A petition calling for a referendum on forcing the Chinese Nationalist Party (KMT) to return stolen assets to the national coffers will be sent to the government for review, as 83,000 signatures have been collected, making it a formal petition.
"If the petition is approved, we have to collect 830,000 signatures within six months to call a referendum," Democratic Progressive Party (DPP) Legislator Chai Trong-rong (蔡同榮) said at a press conference yesterday.
The DPP lawmakers said they hoped the referendum could be held during the next legislative election in December next year.
Collecting signatures to call for the referendum is aimed at keeping the KMT from avoiding its obligation to return its assets to the nation and the people, Tsai said.
Considering that it took more than two months for DPP lawmakers to collect the first-stage 83,000 signatures, Tsai said it would not be easy to collect 10 times that number within the six-month time limit.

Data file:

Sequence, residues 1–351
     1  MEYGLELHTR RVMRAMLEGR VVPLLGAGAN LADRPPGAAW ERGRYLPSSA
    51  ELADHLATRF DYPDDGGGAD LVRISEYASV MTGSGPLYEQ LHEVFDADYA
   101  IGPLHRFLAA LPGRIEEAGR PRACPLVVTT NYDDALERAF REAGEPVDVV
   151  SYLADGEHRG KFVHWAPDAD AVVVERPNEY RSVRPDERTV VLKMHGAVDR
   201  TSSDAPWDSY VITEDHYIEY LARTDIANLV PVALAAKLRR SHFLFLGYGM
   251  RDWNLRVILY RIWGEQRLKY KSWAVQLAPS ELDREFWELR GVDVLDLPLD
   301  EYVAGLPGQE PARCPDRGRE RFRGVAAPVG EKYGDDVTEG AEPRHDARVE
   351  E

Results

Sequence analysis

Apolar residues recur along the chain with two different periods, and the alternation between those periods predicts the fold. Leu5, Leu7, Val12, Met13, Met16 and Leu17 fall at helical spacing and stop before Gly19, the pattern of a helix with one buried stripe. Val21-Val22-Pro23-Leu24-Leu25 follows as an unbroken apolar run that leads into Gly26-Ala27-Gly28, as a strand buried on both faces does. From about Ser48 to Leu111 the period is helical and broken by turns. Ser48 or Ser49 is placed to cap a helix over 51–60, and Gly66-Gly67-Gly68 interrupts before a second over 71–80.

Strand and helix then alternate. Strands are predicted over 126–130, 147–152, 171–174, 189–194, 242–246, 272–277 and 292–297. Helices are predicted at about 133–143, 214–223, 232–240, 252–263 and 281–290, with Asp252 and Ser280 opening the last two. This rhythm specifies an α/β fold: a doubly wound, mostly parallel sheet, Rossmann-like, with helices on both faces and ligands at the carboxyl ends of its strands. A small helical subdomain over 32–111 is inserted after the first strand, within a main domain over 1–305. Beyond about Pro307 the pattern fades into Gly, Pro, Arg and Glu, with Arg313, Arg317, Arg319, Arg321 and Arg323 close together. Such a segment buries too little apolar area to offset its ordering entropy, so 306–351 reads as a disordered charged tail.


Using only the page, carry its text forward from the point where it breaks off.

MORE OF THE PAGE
The KMT is scheduled to issue a report today on how the party has handled its assets. The KMT's rivals describe the assets -- which were acquired from the Japanese colonial government and private businesses and individuals when the KMT took control of Taiwan in 1945 -- as "stolen."
DPP Legislator Yen Wen-chung (
Yen said he suspected that the intention behind Ma's decision to issue a report on the party's assets was, "firstly, to shift responsibility for its shrinking assets to former chairman Lee Teng-hui (
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Assets report just a Ma makeover